Bankruptcy and Fraud: How to Avoid Getting in Trouble With the Bankruptcy Court

Despite what many people think about bankruptcy, this process is designed to give honest people a second chance by helping them deal with overwhelming debt. Bankruptcy is not about helping lazy people or deadbeats who simply don't want to pay their bills. If you've ever been in difficult financial circumstances, you know that sometimes you can do your best and still end up in financial disaster.

With this in mind, you would do well to remember that Congress has enacted laws to help people who really need relief from their debts. The purpose of Chapter 7 proceedings is not to help people who have committed fraud or who are just trying to get out of their financial obligations even though they have the means to pay. You have to proceed carefully when declaring bankruptcy in order to make sure that you are not coming across as committing some sort of fraud.

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One problem that seems to come up frequently is that people will make large purchases not long before they end up filing for bankruptcy. Think about this for a moment. What is the court supposed to think if you purchase a $1000 plasma television with your credit card and then turn around and file chapter 7 a few weeks later? It stands to reason that you should have known better. This kind of scenario suggests that you were planning to purchase the item and then wipe out your debt obligations a few weeks later.

If you have already made such a transaction, you need to speak with a bankruptcy lawyer to find out what the best option is. Your lawyer may instruct you to simply wait a few months before filing, or there may be some other strategy that you should follow. We just have to make sure to avoid any appearance of fraud.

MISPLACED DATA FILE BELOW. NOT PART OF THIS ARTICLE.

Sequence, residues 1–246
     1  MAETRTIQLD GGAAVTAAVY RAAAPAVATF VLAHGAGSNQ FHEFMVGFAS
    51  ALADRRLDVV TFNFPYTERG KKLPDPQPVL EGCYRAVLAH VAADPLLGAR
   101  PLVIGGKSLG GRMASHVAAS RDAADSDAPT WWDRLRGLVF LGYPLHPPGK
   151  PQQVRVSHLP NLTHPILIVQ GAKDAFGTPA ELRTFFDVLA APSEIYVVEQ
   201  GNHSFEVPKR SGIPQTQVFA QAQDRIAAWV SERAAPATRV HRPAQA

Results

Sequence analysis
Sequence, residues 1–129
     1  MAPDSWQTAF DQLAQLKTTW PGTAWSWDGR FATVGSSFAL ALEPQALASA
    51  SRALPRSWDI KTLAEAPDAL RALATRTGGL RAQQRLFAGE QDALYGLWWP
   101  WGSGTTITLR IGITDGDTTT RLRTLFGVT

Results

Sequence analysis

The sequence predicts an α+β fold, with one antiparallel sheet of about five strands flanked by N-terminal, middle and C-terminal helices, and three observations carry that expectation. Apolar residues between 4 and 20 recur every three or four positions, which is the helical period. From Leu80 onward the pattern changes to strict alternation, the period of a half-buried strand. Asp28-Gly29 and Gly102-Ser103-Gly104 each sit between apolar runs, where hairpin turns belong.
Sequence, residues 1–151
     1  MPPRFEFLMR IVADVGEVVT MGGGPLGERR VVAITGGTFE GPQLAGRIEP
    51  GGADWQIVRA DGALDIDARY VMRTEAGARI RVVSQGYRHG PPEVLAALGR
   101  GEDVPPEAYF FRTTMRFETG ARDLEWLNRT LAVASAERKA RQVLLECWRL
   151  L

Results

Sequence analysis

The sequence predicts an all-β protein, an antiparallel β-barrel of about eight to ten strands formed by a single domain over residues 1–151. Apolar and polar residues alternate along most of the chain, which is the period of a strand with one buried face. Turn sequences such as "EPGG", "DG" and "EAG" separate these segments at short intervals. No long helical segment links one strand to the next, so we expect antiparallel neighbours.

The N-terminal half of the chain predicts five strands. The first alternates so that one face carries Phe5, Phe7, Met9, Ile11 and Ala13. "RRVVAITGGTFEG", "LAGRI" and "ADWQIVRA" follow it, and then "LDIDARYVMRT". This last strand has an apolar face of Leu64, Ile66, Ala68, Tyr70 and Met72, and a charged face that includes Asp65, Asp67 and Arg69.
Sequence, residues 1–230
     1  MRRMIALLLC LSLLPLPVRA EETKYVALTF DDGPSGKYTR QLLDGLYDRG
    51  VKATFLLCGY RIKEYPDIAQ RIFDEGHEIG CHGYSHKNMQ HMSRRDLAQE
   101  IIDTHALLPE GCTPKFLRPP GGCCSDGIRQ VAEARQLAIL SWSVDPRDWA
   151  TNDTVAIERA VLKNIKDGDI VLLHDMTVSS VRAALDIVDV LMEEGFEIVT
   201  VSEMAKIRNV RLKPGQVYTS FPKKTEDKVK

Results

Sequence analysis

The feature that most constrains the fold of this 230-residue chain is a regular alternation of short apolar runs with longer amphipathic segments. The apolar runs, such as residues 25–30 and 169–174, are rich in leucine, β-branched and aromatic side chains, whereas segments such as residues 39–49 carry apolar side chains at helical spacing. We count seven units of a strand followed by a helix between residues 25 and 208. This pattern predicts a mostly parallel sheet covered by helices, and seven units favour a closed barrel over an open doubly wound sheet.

The idea behind fraud is that you actually never intended to pay the debt. It's like writing a bad check on purpose. If you write a check and it bounces, this could be a simple oversight on your part. However, if you wrote the check when you knew there was no money in the bank, you can actually be prosecuted for fraud. It's really a matter of whether your creditor thinks it is worth pursuing or not.

These kinds of mistakes can determine whether a particular debt is wiped away in an otherwise successful bankruptcy discharge. In the worst-case scenario, your entire petition may fail, and you can even be prosecuted for charges of fraud like we mentioned above.

This is why it is imperative to speak to a lawyer instead of trying to handle everything yourself. There are lots of little things that you can get wrong. For example, you might repay a loan to a family member or try to transfer assets into someone else's name shortly before filing the petition. In these cases, the trustee overseeing the case can actually recover this money from your family members!

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